This Endangered Birds' Favored Island Is Sometimes Here — And Sometimes Not
Pelican Shoal, off the Lower Keys, was never much of an island — about an acre of coral rubble and sand. But it has special importance in Florida to one endangered species of bird.
Mimi Stafford has been going out to the area since the 1960s.
"I have seen it come and go over the decades. There are years when it is quite a substantial island and there are years when it's awash," she said.
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By 1990, 300 pairs of roseate terns were nesting on the island. It was the primary nesting site in Florida for the seabirds, listed under the Federal Endangered Species Act. The state named Pelican Shoal a critical wildlife area and banned people from going to the island. If people come near, they can scare birds off their nests and the eggs will fail.
When the Florida Keys National Marine Sanctuary came along in the mid-1990s, Pelican Shoal was designated a Wildlife Management Area.
But then the hurricane season of 2005 came along.
"It was just a very bad year, especially in the Keys," said Ricardo Zambrano, regional biologist with the Florida Fish and Wildlife Conservation Commission. "We had four hurricanes and one tropical storm that year, just back-to-back."
First Hurricane Dennis, then Rita, drastically reduced the size of the island.
"Then, of course, the final blow was Wilma," Zambrano said. "It was just wiped off the map."
Twelve years later, Hurricane Irma crossed the Lower Keys — and Pelican Shoal reappeared. State wildlife managers kept checking the island and were rewarded in 2019.
"The birds were back and the island had grown again. And not only grown, but the birds were nesting. We were very pleasantly surprised," Zambrano said.
Zambrano says there were an estimated 50 pairs of roseate tern nests on Pelican Shoal that year. The next year, a storm washed over the island again.
The island is still there, but "very narrow, very low, not suitable for nesting," he said. "So the question is what do we do to protect the species, to keep it from extirpating in Florida?"
The state has considered renourishing or restoring the island by adding dead coral, sand and rocks, but that would be difficult. It's near seagrass beds and coral reefs.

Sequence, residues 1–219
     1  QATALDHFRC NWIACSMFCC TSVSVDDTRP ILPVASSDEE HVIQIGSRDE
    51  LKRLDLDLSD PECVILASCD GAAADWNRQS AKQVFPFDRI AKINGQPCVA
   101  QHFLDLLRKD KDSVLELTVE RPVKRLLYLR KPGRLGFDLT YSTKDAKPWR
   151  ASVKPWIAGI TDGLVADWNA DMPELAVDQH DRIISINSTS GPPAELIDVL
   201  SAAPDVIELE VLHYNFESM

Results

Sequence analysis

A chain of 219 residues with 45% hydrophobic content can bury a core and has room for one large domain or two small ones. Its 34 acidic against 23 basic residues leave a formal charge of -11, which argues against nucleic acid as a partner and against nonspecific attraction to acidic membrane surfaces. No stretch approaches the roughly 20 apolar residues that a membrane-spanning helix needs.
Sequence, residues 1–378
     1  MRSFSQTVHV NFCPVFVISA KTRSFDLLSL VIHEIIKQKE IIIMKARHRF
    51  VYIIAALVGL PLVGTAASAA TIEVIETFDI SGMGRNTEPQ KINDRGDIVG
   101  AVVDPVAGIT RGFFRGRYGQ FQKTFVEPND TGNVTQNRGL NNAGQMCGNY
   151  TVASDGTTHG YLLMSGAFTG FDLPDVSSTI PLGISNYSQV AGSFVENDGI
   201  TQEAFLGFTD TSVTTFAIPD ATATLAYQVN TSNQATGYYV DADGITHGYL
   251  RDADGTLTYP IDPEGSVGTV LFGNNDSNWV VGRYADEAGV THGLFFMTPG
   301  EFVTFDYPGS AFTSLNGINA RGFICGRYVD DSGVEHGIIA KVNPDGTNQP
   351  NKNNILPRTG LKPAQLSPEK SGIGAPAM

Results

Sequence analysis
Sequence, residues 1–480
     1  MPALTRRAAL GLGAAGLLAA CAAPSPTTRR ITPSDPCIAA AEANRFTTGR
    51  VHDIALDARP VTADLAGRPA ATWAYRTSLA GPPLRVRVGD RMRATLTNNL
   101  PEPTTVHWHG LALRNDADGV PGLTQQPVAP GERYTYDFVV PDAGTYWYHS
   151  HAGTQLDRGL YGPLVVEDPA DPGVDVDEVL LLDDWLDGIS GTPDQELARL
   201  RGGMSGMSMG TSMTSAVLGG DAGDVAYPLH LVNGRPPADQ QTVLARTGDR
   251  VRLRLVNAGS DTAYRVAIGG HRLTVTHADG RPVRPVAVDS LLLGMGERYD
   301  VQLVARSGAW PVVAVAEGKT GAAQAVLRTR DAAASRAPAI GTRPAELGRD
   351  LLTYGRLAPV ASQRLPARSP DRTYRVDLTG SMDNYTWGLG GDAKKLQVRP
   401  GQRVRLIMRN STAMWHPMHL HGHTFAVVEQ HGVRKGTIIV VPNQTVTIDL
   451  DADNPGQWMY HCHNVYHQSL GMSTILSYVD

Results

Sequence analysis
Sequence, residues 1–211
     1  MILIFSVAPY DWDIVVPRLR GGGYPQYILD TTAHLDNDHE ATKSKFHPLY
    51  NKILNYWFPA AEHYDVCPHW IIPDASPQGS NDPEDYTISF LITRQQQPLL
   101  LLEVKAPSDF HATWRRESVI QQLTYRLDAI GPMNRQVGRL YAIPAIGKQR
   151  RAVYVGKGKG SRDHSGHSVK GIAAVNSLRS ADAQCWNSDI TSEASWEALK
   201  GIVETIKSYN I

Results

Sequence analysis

The state has tried setting up nesting platforms to mimic the flat, rocky habitat that roseate terns prefer, but it hasn't worked.
"We've attracted least terns, but not roseate terns," Zambrano said.
The Florida Keys National Marine Sanctuary is in the midst of updating its management plan, which may include changes to areas with special protection like Pelican Shoal. One draft version of the plan had removed those protections, since nesting had ended there. But Zambrano said the sanctuary might want to reconsider, since 50 roseate terns nested on the island as recently as two years ago.
And Pelican Shoal isn't the only island that has come and gone from the Keys landscape. An island that locals dubbed "Wilma Key" appeared in the Key West National Wildlife Refuge after that storm and has since disappeared again.
Chris Bergh from The Nature Conservancy said protecting ephemeral islands that appear after storms can be a challenge, even when they're great habitat for wildlife.
"They're also great habitat for people to go out and hang out and throw frisbees and drink beers and run dogs," he said.
One version of the sanctuary's proposed new rules included provisions for extending emergency rules — which could apply to habitat that appears after storms. The restoration blueprint is scheduled for release to the public some time in the fall.
This year, only 39 pairs of roseate terns nested in Florida — on three government building rooftops in Marathon and Key West. The building where they nested in Key West, at the Joint Interagency Task Force South, is scheduled for demolition within a few years.